Josh Fruhlinger sends along today's entry in the "crash blossom" sweepstakes, a headline from the BBC News website:
SNP signals debate legal threat
Crash blossoms (as we've discussed here and here) are infelicitously worded headlines that cause confusion due to a garden-path effect. Here we begin with SNP, which British readers at least will recognize as the abbreviation for the Scottish National Party. Then comes signals, which can be a plural noun or a singular present verb; following a noun, most readers would expect it to work as a verb. The third word, debate, can be a singular noun or a plural verb, and if you've parsed the first two words as Noun + Verb, then you'll be inclined to take debate as the direct object of the verb. So far, so good. But then comes legal threat. What to do now?
Well, you could go back to the beginning of the headline for a reparsing, now construing signals as a plural noun modified by SNP. That would allow you to continue on with debates as a plural verb and legal threat as the object of the verb. But what in the world are SNP signals and why are they debating a legal threat?
Turns out the first path was moving in the right direction. Signals is indeed the verb here, and the object of the verb is debate legal threat — one of those wonderfully opaque compound nouns that British headlines are prey to. You see, debate legal threat refers to threatened legal action that could be taken if the SNP isn't permitted to take part in televised debates before the next UK election. And the SNP is now signaling that it may follow through on this threat.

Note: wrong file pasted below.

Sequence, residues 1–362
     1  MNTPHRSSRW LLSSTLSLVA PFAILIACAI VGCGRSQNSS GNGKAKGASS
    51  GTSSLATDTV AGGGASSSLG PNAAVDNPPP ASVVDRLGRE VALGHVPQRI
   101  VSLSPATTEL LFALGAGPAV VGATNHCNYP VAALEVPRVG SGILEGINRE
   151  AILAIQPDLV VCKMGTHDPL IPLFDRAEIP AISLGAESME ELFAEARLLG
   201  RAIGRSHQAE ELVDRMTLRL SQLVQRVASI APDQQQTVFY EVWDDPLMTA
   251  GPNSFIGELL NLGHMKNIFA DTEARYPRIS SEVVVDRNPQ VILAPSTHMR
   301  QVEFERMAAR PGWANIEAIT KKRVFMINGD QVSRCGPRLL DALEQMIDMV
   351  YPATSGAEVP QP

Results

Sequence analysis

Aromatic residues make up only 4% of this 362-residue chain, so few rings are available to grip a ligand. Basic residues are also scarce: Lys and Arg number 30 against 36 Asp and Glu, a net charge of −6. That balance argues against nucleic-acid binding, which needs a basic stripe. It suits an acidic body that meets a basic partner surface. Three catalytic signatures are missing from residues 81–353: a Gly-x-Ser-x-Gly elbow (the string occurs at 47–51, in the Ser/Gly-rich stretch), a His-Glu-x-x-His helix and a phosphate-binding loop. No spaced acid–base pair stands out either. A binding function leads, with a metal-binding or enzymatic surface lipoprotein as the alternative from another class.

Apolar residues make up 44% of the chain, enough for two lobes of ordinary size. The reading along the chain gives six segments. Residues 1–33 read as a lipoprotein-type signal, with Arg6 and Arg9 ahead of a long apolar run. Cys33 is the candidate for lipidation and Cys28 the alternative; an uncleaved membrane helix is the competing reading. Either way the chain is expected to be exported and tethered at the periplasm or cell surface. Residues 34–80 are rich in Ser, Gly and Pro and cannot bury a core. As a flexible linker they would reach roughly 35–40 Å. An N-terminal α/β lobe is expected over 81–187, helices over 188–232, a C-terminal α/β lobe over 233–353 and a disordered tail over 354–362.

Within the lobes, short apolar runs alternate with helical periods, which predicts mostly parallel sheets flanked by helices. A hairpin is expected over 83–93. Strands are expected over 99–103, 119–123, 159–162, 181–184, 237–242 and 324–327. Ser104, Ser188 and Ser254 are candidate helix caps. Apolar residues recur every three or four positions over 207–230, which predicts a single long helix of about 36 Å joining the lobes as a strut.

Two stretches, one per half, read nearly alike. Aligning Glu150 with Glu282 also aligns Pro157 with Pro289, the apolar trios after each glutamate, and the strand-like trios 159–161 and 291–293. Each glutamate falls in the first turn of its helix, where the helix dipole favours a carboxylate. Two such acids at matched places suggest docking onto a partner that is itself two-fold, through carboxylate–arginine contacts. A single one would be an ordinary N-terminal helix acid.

We've had fun with such outrageous compounding in previous posts (Geoff Pullum in "Noun noun noun noun noun verb," "Canoe wives and unnatural semantic relations," and "Dentist fear girl," and Mark Liberman in "UK death crash fetish?"). This one's a bit different in that the second element of the compound noun, legal threat, is a noun phrase consisting of an adjective modifying a noun. That makes debate legal threat unusually hard to parse.
Noun-Adjective-Noun compounds are possible in English, of course — think of such constructions as Minnesota Supreme Court, Obama White House, Guardian front page, or Microsoft legal team. In those cases, however, the Adjective-Noun component is a set phrase (Supreme Court, White House, front page, legal team), which makes the addition of a premodifying noun unproblematic. But legal threat is not such a set phrase, and debate is not an immediately obvious choice for an attributive noun ready for grafting (certainly not compared to the proper nouns in my examples: Minnesota, Obama, Guardian, Microsoft). So these factors, plus the ambiguous syntactic role of the preceding word, signals, conspire to make this crash blossom particularly crashy.